Wikimedia Product/Perspectives/Augmentation/Governance




In order to meet our movement’s goal of making all the world’s information available to everyone, we have more work to do than human editors can do alone. We need help in the form of augmentation, which is when humans and algorithms work together. Though augmentation in the wikis is not new, it will be a growing part of the future of the wikis. To ensure that the contributions made by algorithms are productive, unbiased, and fair, we will need to stick to our movement’s principles of openness, transparency, and the ability for anyone to contribute. We should build closed-loop infrastructure and interfaces that allow anyone to contribute new algorithms, and for even non-technical editors to participate in training and tuning those algorithms. These principles would apply to all types of augmentation, whether it is in the aspect of content generation, content curation, or governing interactions between people.

Governance is a word meant to capture a broader scope than “Code of Conduct”. It refers to all the ways that people interact with each other on wiki projects, in both constructive and unconstructive situations. Current newcomers rarely contribute past their initial edits because of bad reactions to quality control mechanisms, algorithmic tools (bots) or policy. We see augmented governance practices as the vehicle that will safeguard, and simultaneously empower the Wikimedia community to become that desired safe haven for knowledge discourse through a set of human - centered principles .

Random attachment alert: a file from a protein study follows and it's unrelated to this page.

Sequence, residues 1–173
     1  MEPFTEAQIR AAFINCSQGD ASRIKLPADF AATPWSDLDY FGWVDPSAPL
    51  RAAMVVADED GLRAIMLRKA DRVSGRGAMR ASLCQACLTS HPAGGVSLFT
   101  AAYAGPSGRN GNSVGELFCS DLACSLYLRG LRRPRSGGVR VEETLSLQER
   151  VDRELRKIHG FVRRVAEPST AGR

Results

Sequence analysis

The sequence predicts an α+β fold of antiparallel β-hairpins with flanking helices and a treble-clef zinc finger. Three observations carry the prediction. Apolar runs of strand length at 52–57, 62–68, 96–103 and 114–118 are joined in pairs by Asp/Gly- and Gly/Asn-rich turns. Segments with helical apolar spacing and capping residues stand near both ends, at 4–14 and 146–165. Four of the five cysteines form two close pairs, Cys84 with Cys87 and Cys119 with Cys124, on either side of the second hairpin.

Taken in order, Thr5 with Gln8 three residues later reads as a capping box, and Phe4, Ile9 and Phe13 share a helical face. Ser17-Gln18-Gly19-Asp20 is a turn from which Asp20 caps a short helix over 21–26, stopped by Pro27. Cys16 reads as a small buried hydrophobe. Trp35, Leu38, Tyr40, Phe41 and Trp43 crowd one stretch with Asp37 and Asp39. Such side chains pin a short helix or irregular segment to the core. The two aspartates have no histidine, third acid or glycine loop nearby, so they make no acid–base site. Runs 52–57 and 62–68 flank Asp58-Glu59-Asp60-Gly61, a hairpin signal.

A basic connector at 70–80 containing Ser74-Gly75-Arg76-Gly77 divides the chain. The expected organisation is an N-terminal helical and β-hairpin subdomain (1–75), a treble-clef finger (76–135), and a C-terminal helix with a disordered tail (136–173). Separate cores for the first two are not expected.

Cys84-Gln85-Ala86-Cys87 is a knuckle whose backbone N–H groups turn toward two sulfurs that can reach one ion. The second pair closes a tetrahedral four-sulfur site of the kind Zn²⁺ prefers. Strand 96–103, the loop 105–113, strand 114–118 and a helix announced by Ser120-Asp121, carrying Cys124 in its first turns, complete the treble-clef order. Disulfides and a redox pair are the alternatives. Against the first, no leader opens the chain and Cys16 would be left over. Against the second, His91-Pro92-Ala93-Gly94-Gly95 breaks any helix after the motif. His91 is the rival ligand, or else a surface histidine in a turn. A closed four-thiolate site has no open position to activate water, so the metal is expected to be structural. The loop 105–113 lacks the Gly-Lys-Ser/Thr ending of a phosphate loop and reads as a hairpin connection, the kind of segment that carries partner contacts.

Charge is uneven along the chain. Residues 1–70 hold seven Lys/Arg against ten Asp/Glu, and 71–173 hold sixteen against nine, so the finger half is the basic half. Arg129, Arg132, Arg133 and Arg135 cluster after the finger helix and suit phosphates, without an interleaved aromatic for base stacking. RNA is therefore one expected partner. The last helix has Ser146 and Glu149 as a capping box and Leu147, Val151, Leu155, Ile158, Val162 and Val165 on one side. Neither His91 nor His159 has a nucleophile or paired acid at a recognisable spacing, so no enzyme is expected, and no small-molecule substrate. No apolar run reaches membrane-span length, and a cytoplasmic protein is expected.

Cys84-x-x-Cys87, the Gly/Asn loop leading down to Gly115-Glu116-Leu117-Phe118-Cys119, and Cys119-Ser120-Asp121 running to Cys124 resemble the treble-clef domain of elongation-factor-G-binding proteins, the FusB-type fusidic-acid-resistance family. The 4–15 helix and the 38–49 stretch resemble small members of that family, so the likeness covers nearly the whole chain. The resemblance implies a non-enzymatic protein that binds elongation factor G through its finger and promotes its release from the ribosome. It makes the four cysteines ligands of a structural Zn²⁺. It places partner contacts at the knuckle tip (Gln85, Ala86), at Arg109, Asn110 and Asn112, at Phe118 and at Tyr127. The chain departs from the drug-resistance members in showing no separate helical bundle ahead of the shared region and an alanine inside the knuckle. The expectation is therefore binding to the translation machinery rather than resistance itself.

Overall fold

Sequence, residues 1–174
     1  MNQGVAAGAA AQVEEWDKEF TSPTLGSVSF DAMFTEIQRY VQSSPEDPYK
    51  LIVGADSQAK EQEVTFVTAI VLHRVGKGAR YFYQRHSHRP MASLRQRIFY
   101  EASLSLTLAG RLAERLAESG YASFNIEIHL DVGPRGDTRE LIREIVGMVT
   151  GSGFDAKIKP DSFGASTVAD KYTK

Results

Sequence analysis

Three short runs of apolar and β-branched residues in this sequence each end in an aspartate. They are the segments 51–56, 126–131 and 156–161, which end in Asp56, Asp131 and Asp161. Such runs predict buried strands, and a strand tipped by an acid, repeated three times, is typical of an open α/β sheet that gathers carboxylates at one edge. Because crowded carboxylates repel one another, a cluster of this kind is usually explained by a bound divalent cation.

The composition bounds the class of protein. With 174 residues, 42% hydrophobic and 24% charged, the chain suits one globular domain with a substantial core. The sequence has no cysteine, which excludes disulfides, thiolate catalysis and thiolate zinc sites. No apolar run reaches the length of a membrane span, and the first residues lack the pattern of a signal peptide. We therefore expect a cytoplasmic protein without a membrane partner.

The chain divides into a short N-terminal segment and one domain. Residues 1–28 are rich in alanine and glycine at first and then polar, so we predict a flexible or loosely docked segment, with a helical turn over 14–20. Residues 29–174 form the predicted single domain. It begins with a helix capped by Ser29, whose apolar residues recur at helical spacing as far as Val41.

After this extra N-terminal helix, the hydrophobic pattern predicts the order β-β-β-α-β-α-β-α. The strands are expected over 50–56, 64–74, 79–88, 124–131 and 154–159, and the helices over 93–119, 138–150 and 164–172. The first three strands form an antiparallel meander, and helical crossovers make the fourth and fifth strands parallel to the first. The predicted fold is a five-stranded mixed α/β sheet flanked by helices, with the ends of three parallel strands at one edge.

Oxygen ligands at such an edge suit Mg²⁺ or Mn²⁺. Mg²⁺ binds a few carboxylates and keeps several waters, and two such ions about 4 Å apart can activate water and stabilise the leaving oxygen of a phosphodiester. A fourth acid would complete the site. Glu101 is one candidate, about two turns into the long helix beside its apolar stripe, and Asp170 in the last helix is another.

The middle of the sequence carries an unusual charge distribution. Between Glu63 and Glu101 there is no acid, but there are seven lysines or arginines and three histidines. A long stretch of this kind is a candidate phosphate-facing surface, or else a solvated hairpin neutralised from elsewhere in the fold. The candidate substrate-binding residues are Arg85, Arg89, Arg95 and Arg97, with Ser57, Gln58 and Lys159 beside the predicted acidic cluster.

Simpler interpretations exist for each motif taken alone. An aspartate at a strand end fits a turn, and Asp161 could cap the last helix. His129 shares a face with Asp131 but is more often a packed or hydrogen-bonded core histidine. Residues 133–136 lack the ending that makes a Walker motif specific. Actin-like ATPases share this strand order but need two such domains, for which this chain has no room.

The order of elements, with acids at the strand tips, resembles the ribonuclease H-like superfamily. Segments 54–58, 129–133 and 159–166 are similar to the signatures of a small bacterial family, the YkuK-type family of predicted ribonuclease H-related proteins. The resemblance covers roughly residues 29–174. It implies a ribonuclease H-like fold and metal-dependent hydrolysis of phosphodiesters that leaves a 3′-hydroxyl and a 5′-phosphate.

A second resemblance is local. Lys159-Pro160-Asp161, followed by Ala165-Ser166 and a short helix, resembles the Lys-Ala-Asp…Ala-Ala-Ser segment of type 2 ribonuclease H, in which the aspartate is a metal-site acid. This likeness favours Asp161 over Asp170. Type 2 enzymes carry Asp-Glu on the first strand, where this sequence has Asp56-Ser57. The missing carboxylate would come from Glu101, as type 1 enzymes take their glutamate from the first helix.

White Paper[edit]



A. Halfaker, Basic Description of JADE

A. Halfaker, 2017 Interpolating Quality Dynamics in Wikipedia and Demonstrating the Keilana Effect. In Proceedings of the 13th International Symposium on Open Collaboration (OpenSym '17). ACM, New York, NY, USA, Article 19, 9 pages. DOI:

J. Buowamlini, 2018 The Dangers of Supremely White Data and The Coded Gaze [Video from Wikimania 2018]

J. Zhang, J.P. Chang, C. Danescu-Niculescu-Mizil, L. Dixon, Y. Hua, D. Taraborelli and N. Thain, 2018 Conversations Gone Awry